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Ohio State's Aaron Craft: Man of Steal

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How does the average fan measure how good a player is? The box score. It's not like you can watch every single game during college basketball's long season. So most people simply look at the stats — points, rebounds, and assists — to determine who's a star and who isn't.15

But if you just follow the stats, then you're missing out on the greatness of Ohio State point guard AaronCraft. The junior is the best point guard in the nation, an elite defender who could push the Buckeyes to a national title. But, through January 21, he was averaging just 8.7 points per game, tied for 1,053rd in the nation. And he doled out just 4.7 assists per game; 79 players had dished out more. So how can Craft possibly be considered great? You have to watch a game and see Craft work.


Craft plays defense with the same mentality that most players have on offense: attack, attack, attack. But first he has to know who he's attacking. He spends hours studying film of opposing point guards. He knows where they're going, and he gets there first.

"All good players have patterns and go-to moves," he says. "The great ones have more than one. As a defender you go through ways to take them out of their rhythm and force them to their second or third option."

In December, he held Long Beach State point guard Mike Caffey, a rising star, to four points on 1 of 11 shooting in an easy Buckeyes win.

"Craft is as good a defender on the ball as I've seen," said Long Beach State coach Dan Monson, who has also coached at Minnesota and Gonzaga.

Craft stays in front of his man and smothers him with pressure.

"I try not to use my hands at all," Craft says. "A five-second call, a timely charge — you get steals and turnovers with your feet."

The stat sheet says that Craft averages 1.9 steals per game, good for third in the Big Ten. But that only tells a small part of the story. SPORTS ILLUSTRATED writer Luke Winn has watched every defensive possession for Ohio State this year. When you factor in offensive fouls Craft has drawn, or things like bad passes forced, Craft was single-handedly causing more than 3.5 turnovers per game through January 17.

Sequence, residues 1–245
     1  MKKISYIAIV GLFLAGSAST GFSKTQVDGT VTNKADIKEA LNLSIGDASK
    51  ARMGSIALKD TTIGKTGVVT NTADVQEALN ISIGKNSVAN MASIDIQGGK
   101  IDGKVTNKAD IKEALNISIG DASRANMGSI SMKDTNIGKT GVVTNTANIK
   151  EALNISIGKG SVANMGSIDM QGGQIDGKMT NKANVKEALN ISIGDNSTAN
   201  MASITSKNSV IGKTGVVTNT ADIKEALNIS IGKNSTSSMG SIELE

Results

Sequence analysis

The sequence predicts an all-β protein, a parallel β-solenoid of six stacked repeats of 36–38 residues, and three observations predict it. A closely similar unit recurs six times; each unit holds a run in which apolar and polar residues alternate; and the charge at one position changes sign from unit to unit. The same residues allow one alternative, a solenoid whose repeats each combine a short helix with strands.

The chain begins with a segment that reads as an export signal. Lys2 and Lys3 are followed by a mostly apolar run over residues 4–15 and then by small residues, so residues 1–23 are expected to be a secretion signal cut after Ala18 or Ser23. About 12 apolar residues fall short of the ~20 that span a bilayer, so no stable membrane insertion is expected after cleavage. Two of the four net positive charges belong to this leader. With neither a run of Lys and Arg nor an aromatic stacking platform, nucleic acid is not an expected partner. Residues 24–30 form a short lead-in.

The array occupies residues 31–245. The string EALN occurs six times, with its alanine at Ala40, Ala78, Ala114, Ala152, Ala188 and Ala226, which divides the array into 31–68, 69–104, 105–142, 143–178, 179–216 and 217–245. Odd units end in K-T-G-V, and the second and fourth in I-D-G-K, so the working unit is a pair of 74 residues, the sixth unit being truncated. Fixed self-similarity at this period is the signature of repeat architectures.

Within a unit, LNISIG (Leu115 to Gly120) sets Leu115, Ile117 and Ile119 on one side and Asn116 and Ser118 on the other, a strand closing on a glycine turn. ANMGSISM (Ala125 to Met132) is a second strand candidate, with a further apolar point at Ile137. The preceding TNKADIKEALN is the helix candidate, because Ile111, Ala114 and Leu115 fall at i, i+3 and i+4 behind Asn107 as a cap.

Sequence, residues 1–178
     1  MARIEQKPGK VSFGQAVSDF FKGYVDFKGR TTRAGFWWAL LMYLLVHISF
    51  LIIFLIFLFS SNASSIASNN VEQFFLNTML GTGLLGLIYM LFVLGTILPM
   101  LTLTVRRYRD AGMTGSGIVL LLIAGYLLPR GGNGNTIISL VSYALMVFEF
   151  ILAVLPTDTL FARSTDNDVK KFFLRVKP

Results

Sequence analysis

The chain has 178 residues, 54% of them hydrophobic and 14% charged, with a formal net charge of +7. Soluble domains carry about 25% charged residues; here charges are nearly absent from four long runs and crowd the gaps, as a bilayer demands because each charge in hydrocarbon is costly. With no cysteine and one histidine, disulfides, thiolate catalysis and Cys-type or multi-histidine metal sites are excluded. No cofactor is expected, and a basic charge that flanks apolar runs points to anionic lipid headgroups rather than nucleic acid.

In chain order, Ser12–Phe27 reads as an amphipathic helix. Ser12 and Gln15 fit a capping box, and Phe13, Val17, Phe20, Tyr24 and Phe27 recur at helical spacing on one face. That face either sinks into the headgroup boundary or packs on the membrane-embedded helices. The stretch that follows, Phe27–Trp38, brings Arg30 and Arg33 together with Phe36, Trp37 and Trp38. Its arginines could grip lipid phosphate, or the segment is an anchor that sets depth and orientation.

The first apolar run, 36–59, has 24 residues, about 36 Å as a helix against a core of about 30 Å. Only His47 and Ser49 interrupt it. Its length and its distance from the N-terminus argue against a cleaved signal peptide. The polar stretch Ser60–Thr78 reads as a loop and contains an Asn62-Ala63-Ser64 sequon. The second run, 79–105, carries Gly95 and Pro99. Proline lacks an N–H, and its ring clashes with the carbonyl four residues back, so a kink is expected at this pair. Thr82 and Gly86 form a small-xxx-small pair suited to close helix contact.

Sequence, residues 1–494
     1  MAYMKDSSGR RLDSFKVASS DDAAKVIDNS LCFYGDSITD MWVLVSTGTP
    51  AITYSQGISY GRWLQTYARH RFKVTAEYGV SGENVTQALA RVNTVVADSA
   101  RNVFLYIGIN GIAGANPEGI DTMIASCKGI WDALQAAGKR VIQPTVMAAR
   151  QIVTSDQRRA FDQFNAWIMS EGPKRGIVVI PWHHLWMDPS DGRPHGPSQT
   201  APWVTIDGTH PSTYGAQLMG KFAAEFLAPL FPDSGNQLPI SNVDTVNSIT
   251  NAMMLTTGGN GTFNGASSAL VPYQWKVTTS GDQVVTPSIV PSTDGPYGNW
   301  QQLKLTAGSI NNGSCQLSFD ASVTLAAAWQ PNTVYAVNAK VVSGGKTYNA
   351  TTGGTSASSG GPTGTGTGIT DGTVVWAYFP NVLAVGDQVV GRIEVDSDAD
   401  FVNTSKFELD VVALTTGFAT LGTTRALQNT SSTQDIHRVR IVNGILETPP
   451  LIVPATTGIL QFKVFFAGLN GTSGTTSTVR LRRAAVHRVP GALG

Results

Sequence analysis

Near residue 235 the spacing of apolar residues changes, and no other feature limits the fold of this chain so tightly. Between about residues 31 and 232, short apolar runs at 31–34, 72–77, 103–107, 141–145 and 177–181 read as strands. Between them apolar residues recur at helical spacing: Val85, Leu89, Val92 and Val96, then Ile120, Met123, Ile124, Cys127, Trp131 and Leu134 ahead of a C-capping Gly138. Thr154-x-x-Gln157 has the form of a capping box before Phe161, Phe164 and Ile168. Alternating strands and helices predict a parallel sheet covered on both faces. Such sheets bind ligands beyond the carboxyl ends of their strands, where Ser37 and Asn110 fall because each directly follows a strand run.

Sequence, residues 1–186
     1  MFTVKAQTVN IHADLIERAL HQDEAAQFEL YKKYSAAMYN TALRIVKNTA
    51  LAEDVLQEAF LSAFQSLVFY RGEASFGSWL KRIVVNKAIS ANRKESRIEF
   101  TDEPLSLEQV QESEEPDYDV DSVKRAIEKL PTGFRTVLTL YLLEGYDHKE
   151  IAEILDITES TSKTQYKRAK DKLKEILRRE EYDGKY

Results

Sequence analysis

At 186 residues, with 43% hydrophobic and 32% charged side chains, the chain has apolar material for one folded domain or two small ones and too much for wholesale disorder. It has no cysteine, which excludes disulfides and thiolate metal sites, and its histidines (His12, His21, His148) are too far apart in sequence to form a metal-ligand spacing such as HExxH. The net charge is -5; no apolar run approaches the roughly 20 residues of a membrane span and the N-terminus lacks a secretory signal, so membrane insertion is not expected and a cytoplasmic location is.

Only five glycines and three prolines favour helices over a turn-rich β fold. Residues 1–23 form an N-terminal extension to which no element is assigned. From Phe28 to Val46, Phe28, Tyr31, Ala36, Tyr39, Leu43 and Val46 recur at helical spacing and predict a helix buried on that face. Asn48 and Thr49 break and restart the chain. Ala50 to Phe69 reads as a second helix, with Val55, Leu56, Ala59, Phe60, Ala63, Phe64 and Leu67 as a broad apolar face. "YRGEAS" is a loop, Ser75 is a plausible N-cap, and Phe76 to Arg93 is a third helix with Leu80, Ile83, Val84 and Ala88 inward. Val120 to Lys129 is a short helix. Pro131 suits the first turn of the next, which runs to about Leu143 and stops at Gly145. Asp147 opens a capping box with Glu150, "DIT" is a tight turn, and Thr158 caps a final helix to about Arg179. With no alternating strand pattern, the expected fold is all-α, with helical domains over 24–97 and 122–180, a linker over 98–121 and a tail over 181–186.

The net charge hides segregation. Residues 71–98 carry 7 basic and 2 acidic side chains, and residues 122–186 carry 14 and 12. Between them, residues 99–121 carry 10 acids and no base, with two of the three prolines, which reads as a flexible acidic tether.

Part of Craft's defensive skills are his quickness and strength. (In high school, he used to practice his defensive slides while holding a brick in each hand.) But a lot of it comes from his best attribute: competitiveness.

Craft wants to be the best in everything he does. While at Liberty-Benton High School in Findlay, Ohio, a teacher once told Craft's class that no one from the school had ever gotten a perfect score on Ohio's state competency test in math. So Craft spent extra hours prepping. He got a perfect score.

As a junior in high school, there was a Rubik's Cube craze at school. The puzzle can frustrate people for hours. There's a YouTube video of Craft finishing it in 65 seconds. He says he can do it in 55.

At Ohio State, Craft has a 3.9 GPA, but got only a B-plus in the first term of General Chemistry. In the second term, he got an A.

"With Aaron around," Buckeyes director of basketball operations David Egelhoff says, "it's like having Google in the room."


Considering his toughness on the court, it's no surprise that Craft has a football background. He was an all-state quarterback and star safety in high school. His father used to be an assistant football coach at another school. His older brother, Brandon, was a Division II linebacker. (His sister, Cait, is a freshman guard on the Ohio State women's basketball team.)

Craft isn't a star offensively, and there's no doubt that he has to improve as a shooter (career-low 32.0% three-point shooting this season). But he does an excellent job managing the Buckeyes' offense, getting the ball to leading scorer Deshaun Thomas and sharpshooter Lenzelle Smith Jr.

"As a quarterback [in football] you're supposed to understand what the other 10 guys should do on every play," says OSU video coordinator Greg Paulus, a former Duke point guard and Syracuse quarterback himself. "Aaron will know not just his guy but all five guys. Show him anything, and he'll remember everything. It's enough to make your head hurt."

It took a little while for Ohio State coaches to warm up to Craft as a recruit because he wasn't a star on offense. Their top recruit that year, current Boston Celtics rookie Jared Sullinger, convinced coaches that Craft was their man. "Jared walked into our office one day and said, 'Offer Aaron a scholarship,' " remembers head coach Thad Matta. "The guys I've had who played football have always had a different mind-set on defense, and Aaron would be the poster child for a basketball player from a football state."

One thing that's true in both sports: You need a great quarterback to win. And in Craft, the Buckeyes have theirs.

Photo by David E. Klutho